Government must introduce financial incentives to attract the youth into agriculture, Government Statistician, Professor Samuel K. Annim, has said.
According to him, the youth were shying from agriculture due to difficulty in accessing capital from the financial institutions and the high cost of capital, and said there was the need “to make the agriculture sector incentivising to attract the youth.”
Professor Annim said this in an interview with the media on the sidelines of the launch of the 2017/18 Ghana Census of Agriculture National Report.
He explained that only 25 per cent of the youth within the age bracket of 15 and 35 were engaged in agriculture.
He said the latest agriculture census revealed that agriculture sector was dominated by the aged and stressed that “this does not augur well for the sector.”
“It is not encouraging to see a critical sector of the economy dominated by the aged population,” he said, indicating that the contribution of agriculture to the country’s Gross Domestic Product was dwindling.
Prof. Annim said currently, agriculture’s contribution to the country’s GDP stood at 20 per cent, which was higher in the past.
He said agriculture currently employed 36.5 per cent of the labour force in the country, unlike the 70 per cent in the past.
The Government Statistician urged banks to provide specific financial product for specific crops and long term finance for players in the agriculture sector.
“A financial product for cocoa must be different from cassava because the two crops have different maturity periods,” Prof. Annim said.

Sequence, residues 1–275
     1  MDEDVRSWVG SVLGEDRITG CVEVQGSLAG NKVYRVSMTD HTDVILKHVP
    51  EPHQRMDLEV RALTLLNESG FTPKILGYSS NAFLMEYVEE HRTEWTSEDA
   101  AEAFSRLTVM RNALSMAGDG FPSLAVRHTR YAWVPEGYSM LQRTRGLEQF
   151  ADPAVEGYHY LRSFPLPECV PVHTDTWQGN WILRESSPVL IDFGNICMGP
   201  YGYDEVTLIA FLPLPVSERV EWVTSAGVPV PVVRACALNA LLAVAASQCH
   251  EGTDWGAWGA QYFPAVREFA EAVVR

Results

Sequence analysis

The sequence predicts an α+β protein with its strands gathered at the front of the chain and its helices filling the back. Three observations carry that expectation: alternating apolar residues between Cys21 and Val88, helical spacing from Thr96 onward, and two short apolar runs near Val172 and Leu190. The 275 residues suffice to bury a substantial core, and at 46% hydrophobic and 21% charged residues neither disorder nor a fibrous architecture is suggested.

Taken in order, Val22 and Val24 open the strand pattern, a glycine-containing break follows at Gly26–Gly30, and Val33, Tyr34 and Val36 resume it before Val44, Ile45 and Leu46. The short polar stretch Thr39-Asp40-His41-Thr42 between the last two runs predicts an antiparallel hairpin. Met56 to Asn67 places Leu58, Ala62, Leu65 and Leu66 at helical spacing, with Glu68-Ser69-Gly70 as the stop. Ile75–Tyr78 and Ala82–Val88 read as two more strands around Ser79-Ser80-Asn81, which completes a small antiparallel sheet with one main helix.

In addition, the Government Statistician called for a guarantee scheme to help farmers access capital from financial institutions and the need to “integrate insurance with agriculture investment.”
Prof. Annim further said the agriculture census found that the country’s agriculture was largely rain-fed and influenced by the vagaries of the weather.
In view of this, Prof. Annim called for more irrigation facilities to be constructed across the country to reduce the reliance on rain-fed agriculture.
He said the agriculture census identified that more than 80 per cent of players in agriculture had basic or no education and also engage in rudimentary farming.
“The country’s total area under cultivation of agricultural products has jumped from 3,587,000 in 1970 to 3,934,986 in 2018,” Prof. Annim said.
Highlighting on the importance of the 2017/18 agriculture census, the Government Statistician said it would provide baseline data for the 2024 agriculture census.
“The 2017/18 agriculture census will help us to access whether the agriculture sector is being transformed,” Prof. Annim said.
He said the next agriculture census would be conducted in 2024 after the National Population and Housing Census was conducted this year.
Prof. Annim said so far, the country had conducted four agriculture censuses with the first in 1950, second 1970, third 1984 and fourth in 2017/18.
The Chief Director of the Central Regional Coordinating Council, Kingsley Agyei Boahene who chaired the programme commended the Ghana Statistical Service for conducting the census.
He said the data from the report would help in policy planning to enhance the growth and development of the agriculture sector and implementation of government agricultural programmes such as the planting for Food and Jobs.
“The role of agriculture census for the development of the country and agriculture cannot be over emphasised,” Mr Boahene said.
The Eastern Regional Director of Agriculture, Henry Crentsil for his part said agriculture over the years had evolved and there was the need for fresh data on the sector.
For instance, he said available data which suggested that agriculture employed 70 per cent the country’s labour force had changed.
“We need current data on agriculture, and I am happy such data is coming out,” Mr Crentsil said.